Hallel Day 5 Not To Us: Digging Deeper

Digging Deeper Days

Finding the original intent of Scripture and making good application to our everyday lives as we become equipped to correctly handle the Word of Truth!

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The Questions

1) Why is the psalmist so adamant about the glory belonging to God and how do love and truth connect with His glory? (verse 1)

2) What is the main contrasting point of the psalm in verses 2-4?

3) What is the culminating point of drawing out all the physical character traits of idols, or lack thereof? (verses 5-8)

Psalm 115:1-8

Not to us, Lord, not to us,
but to your name give glory
because of your faithful love, because of your truth.
Why should the nations say,
“Where is their God?”
Our God is in heaven
and does whatever he pleases.

Their idols are silver and gold,
made by human hands.
They have mouths but cannot speak,
eyes, but cannot see.
They have ears but cannot hear,
noses, but cannot smell.
They have hands but cannot feel,
feet, but cannot walk.
They cannot make a sound with their throats.
Those who make them are just like them,
as are all who trust in them.

Original Intent

1) Why is the psalmist so adamant about the glory belonging to God and how do love and truth connect with His glory? (verse 1)
Psalms 113-118 were traditionally one single collection of hymns intended to be sung all together at special moments in Israel’s history, like Passover. Because the story of one psalm was meant to be sung in connection with the following song, it’s important we study them in view of each other. This particular song follows on the heels of Israel’s deliverance being told again in abbreviated, poetic, and lyrical fashion from Psalm 114. As time passed for Israel, it was of utmost importance to keep telling the story of their rescue from slavery to a new generation, and one could not tell it without also declaring how magnificent was their God who Rescued! Parting the Red Sea, shaking the earth with thunderous roar, and splitting the Jordan River were impossible, impressive feats. Yet, they were only three of many catalytic events following the greatest moment that began it all, when a nationless people numbering in the thousands were freed from a domineering world power like the Egyptians. They weren’t freed because the Hebrews were anything special (Deuteronomy 7:7-9), but because their God, Yahweh, was full of love, grace, kindness, and truth.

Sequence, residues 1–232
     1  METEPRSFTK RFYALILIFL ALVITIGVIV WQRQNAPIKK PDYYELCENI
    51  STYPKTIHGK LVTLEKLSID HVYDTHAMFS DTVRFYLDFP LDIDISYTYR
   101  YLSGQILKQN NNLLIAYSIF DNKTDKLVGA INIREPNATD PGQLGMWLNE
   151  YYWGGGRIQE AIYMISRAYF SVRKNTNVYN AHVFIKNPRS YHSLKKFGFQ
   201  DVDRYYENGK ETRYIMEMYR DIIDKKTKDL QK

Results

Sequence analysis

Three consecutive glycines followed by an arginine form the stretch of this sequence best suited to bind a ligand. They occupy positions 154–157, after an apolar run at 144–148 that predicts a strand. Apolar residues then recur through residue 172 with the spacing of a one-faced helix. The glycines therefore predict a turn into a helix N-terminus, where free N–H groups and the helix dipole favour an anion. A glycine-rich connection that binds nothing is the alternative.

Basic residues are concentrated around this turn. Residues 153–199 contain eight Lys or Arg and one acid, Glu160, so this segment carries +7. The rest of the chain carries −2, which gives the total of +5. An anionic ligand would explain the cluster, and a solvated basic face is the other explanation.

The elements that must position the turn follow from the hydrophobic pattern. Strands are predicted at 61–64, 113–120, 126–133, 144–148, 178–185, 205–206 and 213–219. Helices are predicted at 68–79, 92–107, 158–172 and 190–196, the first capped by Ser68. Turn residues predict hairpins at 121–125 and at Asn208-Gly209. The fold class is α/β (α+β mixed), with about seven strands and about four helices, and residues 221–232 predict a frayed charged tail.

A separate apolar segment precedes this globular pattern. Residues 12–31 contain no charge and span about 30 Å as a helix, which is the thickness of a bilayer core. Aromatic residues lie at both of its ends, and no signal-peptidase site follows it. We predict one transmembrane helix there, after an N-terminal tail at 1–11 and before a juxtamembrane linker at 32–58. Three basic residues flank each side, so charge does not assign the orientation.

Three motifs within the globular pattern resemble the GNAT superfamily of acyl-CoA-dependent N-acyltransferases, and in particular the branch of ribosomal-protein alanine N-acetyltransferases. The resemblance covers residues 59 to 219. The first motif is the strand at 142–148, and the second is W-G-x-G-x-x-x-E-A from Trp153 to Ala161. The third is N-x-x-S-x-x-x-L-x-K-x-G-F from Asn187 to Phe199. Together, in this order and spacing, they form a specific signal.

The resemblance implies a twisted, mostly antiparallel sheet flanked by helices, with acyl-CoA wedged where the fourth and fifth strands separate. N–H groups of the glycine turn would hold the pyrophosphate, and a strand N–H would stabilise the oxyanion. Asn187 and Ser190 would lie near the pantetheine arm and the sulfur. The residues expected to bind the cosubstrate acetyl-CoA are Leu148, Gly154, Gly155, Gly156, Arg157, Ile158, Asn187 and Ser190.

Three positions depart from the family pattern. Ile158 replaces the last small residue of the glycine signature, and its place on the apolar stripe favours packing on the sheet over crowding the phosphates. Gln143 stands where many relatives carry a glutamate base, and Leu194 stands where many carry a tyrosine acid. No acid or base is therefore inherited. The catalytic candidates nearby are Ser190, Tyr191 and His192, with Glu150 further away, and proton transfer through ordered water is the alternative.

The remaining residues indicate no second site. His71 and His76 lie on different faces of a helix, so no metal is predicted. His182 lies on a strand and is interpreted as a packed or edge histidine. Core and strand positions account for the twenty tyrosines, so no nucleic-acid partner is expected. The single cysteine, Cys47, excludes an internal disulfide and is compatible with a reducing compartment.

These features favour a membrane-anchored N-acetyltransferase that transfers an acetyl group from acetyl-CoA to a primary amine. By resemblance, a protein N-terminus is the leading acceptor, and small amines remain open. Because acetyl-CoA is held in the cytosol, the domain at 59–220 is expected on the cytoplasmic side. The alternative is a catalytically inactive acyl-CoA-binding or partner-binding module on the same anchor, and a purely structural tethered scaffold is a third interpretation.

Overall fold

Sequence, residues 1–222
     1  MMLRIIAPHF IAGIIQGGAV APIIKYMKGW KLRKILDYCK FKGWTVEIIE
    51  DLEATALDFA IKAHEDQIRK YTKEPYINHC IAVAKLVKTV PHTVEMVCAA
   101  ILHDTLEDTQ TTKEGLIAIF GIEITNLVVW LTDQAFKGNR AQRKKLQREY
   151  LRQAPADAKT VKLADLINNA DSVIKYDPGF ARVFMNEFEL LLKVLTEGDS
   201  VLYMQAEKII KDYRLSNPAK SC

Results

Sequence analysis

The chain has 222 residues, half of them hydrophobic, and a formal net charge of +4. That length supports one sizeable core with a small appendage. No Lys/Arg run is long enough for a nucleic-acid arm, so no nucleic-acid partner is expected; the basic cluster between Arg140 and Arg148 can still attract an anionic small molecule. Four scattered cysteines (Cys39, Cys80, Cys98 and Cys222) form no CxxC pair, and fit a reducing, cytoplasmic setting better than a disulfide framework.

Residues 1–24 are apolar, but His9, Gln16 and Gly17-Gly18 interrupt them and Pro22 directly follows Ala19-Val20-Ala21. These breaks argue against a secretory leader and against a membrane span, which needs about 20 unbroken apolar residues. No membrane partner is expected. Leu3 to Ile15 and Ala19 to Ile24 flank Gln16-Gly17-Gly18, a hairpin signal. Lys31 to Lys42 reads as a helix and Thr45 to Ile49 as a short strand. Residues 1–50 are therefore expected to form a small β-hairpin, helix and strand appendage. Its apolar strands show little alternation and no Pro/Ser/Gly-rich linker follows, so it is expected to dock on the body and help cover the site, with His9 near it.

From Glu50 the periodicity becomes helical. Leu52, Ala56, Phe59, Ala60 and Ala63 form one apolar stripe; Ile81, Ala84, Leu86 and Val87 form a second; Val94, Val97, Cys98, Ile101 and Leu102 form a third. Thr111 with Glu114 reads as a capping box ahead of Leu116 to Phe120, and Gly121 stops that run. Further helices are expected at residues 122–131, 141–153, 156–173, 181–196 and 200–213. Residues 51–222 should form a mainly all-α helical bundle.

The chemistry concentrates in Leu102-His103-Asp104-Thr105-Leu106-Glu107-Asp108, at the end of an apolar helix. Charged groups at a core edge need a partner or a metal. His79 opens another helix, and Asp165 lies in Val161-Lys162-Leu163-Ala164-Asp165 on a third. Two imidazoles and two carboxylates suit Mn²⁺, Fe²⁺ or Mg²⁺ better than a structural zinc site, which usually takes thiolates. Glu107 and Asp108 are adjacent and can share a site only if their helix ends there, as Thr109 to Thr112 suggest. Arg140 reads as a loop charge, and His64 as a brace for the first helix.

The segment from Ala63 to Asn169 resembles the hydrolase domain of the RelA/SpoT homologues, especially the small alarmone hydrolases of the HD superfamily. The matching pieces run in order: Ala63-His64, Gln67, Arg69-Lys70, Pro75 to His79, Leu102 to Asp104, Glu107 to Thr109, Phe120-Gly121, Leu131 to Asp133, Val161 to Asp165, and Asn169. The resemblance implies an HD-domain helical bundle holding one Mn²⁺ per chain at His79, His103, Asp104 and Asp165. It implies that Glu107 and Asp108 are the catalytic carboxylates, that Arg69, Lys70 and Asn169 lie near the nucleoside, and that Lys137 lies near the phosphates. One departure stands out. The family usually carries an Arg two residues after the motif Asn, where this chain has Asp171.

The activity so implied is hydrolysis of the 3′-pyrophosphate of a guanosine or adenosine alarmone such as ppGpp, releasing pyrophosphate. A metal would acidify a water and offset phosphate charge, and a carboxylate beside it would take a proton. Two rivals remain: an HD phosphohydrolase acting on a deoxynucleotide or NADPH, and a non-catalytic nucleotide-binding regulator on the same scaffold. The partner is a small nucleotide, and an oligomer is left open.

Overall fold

2) What is the main contrasting point of the psalm in verses 2-4?
The psalmist intends to set up a sharp contrast between the Lord God Almighty and the then-popular cultural alternative which were physical idols. This was a challenge then, as it is today, because Yahweh was, and is, unseen. It was easy for neighboring nations and people groups to look at Israel’s troubles and mock them, “Where is your God?! Why isn’t He doing what you want?!” because they were accustomed to worshipping physical idols, attempting to manipulate them to “do” what they wanted. This portion of the Hallel declares with authority in response to this mockery, “Our God is in Heaven and He does whatever He wants!”. Yahweh acted with total sovereign authority. He moved with wisdom and spoke and willed with love and truth. He could not be controlled by human hands and refused to share His glory with anything less than Himself. (Isaiah 42:8) The Lord God held all authority and all power as the all-seeing and all-knowing God of ALL. Nothing or no one else could hold a candle to Him, least of all idols made with human hands, even if they were crafted from the best earthly materials like silver or gold. (verse 4) Idols were made from human hands. (2 Kings 19:18) Yahweh had crafted humanity itself.